WASHINGTON (Reuters) - President Barack Obama on Tuesday proposed lengthening the school year and paying top teachers more as part of an effort to help U.S. students regain an edge in the competitive world economy.
The United States has one of the worst high school dropout rates in the industrialized world, and its students regularly rank far below those in other Western countries in reading and math scores.
Slightly more than half of the population has only a high school diploma. One out of every two American university students drops out before completing their post-secondary studies.
“Despite resources that are unmatched anywhere in the world, we have let our grades slip, our schools crumble, our teacher quality fall short and other nations outpace us,” Obama told the U.S. Hispanic Chamber of Commerce.
“The future belongs to the nation that best educates its citizens, and my fellow Americans, we have everything we need to be that nation,” he added.
The U.S. leader painted the education drive as part of a broader push to promote economic growth in the face of a deep recession and the nation’s worst financial crisis in decades.
His plan includes a focus on “cradle to career” learning and expansion of early childhood education programs, which received $5 billion in funding in the $787 billion economic stimulus package recently approved by Congress.
Obama, who in his first 50 days in office has launched drives to overhaul healthcare and energy policy, plans to nearly triple spending on education in the 2010 fiscal year, which begins on October 1.
The funding includes an $81 billion set-aside for education in the economic stimulus package, which would raise the Education Department’s budget for next year to $127.8 billion from $46.2 billion in 2009.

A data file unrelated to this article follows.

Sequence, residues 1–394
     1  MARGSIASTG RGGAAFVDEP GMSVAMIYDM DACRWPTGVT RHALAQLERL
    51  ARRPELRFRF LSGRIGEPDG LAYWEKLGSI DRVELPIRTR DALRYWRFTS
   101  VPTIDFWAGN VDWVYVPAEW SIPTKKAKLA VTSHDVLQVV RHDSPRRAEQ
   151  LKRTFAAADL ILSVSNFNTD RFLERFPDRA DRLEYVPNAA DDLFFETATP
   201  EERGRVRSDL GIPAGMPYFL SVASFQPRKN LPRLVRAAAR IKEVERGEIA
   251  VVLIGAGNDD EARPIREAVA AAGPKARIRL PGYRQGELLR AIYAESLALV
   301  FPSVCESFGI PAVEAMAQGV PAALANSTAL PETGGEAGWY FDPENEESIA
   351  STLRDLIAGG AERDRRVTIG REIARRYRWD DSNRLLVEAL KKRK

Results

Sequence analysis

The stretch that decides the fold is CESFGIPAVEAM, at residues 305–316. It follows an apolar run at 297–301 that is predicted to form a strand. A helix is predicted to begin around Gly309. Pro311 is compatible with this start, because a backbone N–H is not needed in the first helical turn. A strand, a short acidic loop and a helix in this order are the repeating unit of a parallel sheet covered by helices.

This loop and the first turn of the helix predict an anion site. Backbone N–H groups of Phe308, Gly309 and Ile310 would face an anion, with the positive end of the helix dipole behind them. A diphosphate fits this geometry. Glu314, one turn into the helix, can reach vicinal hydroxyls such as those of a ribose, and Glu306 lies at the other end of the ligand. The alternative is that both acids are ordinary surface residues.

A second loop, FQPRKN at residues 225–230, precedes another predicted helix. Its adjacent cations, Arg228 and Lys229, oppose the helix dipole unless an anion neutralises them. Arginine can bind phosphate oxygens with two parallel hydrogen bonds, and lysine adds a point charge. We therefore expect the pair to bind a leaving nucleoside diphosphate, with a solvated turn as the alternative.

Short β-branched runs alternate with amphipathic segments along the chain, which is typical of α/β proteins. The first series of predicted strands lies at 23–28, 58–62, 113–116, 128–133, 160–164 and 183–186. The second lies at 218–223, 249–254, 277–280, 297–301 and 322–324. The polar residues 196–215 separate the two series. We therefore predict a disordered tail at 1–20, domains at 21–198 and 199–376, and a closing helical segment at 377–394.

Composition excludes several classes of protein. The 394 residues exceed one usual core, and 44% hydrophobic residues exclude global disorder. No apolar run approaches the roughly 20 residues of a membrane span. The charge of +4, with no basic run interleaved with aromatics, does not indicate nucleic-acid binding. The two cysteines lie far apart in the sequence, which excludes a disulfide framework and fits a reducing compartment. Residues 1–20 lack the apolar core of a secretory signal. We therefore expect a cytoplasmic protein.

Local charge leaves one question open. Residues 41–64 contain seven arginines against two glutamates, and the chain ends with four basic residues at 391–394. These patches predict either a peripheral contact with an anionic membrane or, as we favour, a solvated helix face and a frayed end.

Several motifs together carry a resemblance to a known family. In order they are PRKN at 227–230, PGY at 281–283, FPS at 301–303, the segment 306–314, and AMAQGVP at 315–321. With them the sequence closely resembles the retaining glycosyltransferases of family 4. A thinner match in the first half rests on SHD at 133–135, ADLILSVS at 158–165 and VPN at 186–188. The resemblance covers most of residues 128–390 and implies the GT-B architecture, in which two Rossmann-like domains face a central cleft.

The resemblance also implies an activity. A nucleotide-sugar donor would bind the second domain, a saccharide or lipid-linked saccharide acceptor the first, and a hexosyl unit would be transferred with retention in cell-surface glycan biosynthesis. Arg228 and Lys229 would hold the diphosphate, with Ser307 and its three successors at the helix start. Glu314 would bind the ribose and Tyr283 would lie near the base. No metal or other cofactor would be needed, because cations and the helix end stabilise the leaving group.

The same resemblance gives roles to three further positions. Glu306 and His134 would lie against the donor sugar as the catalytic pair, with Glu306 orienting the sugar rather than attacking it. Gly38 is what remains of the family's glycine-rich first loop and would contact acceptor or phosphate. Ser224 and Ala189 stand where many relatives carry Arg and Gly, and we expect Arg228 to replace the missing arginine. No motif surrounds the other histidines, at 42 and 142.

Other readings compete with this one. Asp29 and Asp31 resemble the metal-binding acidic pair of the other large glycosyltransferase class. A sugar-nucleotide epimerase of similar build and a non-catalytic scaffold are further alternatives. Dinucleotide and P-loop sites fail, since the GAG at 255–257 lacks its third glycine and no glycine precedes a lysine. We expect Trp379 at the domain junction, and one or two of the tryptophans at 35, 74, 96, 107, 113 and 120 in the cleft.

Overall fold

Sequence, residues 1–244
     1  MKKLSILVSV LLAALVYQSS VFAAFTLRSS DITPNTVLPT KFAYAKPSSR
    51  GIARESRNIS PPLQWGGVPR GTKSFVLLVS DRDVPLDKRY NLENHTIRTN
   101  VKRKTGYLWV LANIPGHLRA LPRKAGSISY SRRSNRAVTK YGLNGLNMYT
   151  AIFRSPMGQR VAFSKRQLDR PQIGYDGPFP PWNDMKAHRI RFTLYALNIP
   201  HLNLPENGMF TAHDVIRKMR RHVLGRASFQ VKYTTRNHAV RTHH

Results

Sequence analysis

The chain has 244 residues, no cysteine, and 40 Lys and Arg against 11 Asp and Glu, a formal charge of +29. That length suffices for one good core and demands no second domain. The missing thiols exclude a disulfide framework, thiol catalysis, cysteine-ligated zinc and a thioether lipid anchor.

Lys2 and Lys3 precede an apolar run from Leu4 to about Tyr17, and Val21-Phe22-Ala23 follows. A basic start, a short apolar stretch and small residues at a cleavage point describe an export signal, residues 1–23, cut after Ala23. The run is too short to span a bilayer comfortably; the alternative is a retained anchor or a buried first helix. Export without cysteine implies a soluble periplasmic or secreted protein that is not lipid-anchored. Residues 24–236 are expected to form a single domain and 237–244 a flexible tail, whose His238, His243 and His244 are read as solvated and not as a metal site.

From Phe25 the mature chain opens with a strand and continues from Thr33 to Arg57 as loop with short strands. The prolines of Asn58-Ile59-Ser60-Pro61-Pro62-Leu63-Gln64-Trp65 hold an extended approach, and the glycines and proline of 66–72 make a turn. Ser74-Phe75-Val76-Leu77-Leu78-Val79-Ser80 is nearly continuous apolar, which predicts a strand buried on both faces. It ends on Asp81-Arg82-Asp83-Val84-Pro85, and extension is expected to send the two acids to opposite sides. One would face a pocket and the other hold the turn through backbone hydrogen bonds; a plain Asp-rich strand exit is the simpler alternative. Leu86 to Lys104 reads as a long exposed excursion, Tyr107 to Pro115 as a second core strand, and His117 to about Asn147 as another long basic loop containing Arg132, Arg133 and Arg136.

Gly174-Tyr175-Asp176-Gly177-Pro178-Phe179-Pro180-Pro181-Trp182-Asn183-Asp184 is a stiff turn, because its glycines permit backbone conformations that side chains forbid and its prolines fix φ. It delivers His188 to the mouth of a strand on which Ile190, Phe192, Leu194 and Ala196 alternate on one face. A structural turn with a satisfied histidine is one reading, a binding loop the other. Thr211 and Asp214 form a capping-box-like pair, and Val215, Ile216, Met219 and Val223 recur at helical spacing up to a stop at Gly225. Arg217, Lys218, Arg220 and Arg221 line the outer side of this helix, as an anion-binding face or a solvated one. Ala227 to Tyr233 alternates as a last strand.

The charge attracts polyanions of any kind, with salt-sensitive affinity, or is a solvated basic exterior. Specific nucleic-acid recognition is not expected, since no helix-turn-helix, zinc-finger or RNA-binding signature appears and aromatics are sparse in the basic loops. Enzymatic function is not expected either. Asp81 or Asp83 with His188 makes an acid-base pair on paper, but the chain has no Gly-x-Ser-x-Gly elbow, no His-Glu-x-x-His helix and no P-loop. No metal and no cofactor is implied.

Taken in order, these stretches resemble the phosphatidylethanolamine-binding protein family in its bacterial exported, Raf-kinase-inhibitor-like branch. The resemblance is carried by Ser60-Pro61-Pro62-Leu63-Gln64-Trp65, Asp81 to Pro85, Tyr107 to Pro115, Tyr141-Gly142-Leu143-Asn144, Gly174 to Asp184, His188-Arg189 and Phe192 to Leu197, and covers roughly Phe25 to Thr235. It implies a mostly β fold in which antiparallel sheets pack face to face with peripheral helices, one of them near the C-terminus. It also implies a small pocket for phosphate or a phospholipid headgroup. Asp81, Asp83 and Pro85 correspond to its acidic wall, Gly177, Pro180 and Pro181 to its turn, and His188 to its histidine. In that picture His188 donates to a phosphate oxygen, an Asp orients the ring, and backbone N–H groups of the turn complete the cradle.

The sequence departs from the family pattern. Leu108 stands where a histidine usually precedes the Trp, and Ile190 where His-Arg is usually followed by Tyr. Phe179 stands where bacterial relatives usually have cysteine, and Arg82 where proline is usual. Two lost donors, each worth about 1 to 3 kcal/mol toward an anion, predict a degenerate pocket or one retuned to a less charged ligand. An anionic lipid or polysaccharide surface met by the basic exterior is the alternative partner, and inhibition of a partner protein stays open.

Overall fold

But the new education proposals risk angering teachers’ unions, who are generally strong supporters of his Democratic Party and have in the past resisted ideas such as extra pay for top-performing teachers.
Obama also acknowledged that students would be unhappy about spending more time in class. “I know longer school days and school years are not wildly popular ideas,” he said to laughter.
But he noted that students in other nations, such as South Korea, spent as much as a month more in school each year.
Obama called for steps to ensure all Americans received a comprehensive education that followed them from infancy through the job market and ensured that they were competitive in the changing global economy.
“In a 21st century world where jobs can be shipped wherever there’s an internet connection, where a child born in Dallas is competing with children in Delhi ... education is no longer just a pathway to opportunity and success, it is a prerequisite,” he said.
Obama also challenged U.S. states to adopt more rigorous education standards, especially in reading and math, and called for expansion and redesign of federal student aid programs.
Following his speech to the Chamber, he made a surprise visit to a conference of top state school officials in Washington, urging them to keep up efforts to improve the country’s educational system.
Additional reporting by Matt Spetalnick; Writing by David Alexander; Editing by Paul Simao